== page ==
Fandom

Religion Wiki

Victor L. Brown

34,279pages on
this wiki
Add New Page
Talk0 Share

Ad blocker interference detected!


Wikia is a free-to-use site that makes money from advertising. We have a modified experience for viewers using ad blockers

Wikia is not accessible if you’ve made further modifications. Remove the custom ad blocker rule(s) and the page will load as expected.

Victor L. Brown
Full name Victor Lee Brown
Born July 31, 1914(1914-07-31)
Place of birth Cardston, Alberta, Canada
Died March 26, 1996 (aged 81)
Place of death Salt Lake City, Utah
LDS Church General Authority
Second Counselor in the Presiding Bishopric
Called by John H. Vandenburg
Start of term September 30, 1961 (aged 47)
End of term April 6, 1972 (aged 57)
End reason Honorable release of John H. Vandenburg and his counselors
Presiding Bishop
Called by Joseph Fielding Smith
Start of term April 6, 1972 (aged 57)
End of term April 6, 1985 (aged 70)
End reason Honorably released
First Quorum of the Seventy
Called by Spencer W. Kimball
Start of term April 6, 1985 (aged 70)
End of term September 30, 1989 (aged 75)
End reason Granted general authority emeritus status
Emeritus General Authority
Called by Ezra Taft Benson
Start of term September 30, 1989 (aged 75)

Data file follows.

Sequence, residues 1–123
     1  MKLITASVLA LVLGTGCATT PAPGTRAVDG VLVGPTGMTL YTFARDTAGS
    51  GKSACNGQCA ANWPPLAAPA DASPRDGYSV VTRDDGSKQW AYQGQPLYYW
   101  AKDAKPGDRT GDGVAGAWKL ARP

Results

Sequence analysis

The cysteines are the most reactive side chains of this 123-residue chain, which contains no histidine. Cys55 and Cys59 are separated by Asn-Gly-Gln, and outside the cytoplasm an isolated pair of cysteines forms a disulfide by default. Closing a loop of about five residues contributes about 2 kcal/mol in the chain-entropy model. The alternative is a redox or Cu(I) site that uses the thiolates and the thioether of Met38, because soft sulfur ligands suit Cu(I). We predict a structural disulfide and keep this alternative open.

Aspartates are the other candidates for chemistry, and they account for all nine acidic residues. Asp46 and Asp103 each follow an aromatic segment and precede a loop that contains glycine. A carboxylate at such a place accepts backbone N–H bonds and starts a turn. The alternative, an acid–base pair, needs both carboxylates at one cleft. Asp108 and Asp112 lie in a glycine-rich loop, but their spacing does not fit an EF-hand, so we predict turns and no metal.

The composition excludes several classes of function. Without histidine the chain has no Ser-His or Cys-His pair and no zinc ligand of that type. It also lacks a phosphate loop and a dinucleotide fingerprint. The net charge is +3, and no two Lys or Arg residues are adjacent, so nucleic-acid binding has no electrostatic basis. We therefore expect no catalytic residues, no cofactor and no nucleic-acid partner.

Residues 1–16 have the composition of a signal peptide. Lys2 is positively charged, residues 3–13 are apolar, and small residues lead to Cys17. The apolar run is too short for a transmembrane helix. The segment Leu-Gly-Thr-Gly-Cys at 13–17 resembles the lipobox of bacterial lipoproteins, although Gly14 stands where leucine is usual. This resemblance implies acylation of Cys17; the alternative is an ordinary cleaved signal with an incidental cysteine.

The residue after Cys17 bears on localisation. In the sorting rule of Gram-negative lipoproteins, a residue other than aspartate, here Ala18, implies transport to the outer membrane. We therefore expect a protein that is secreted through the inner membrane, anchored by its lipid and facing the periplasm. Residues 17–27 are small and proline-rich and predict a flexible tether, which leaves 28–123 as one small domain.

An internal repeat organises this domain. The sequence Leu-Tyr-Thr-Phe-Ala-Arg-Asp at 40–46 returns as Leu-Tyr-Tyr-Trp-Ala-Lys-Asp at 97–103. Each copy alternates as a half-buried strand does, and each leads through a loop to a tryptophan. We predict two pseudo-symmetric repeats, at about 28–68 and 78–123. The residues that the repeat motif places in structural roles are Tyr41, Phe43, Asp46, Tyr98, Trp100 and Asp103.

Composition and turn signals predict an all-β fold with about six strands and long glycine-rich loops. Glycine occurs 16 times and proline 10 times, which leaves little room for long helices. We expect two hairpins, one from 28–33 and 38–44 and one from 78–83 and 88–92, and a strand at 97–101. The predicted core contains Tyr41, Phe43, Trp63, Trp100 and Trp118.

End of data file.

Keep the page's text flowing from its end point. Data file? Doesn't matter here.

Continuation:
End of term March 26, 1996 (aged 81)
End reason Death

Victor Lee Brown (31 July 1914 – 26 March 1996) was the tenth Presiding Bishop of The Church of Jesus Christ of Latter-day Saints (LDS Church) between 1972 and 1985. He was a general authority of the LDS Church from 1961 until his death.

Brown was born in Cardston, Alberta, Canada, the son of Gerald Stephen Brown and Maggie Calder Lee. In 1961, Brown was called as the Second Counselor to Presiding Bishop John H. Vandenburg. He succeeded Vandenburg as Presiding Bishop in 1972.

In 1985, Brown was released as Presiding Bishop and called to be the president of the Salt Lake Temple and a member of the First Quorum of the Seventy. He was designated as an emeritus general authority in 1989. Brown died at Salt Lake City, Utah.

See also

References

External resources

Preceded by
John H. Vandenburg
Presiding Bishop
1972—1985
Succeeded by
Robert D. Hales

Also on Fandom

Random Wiki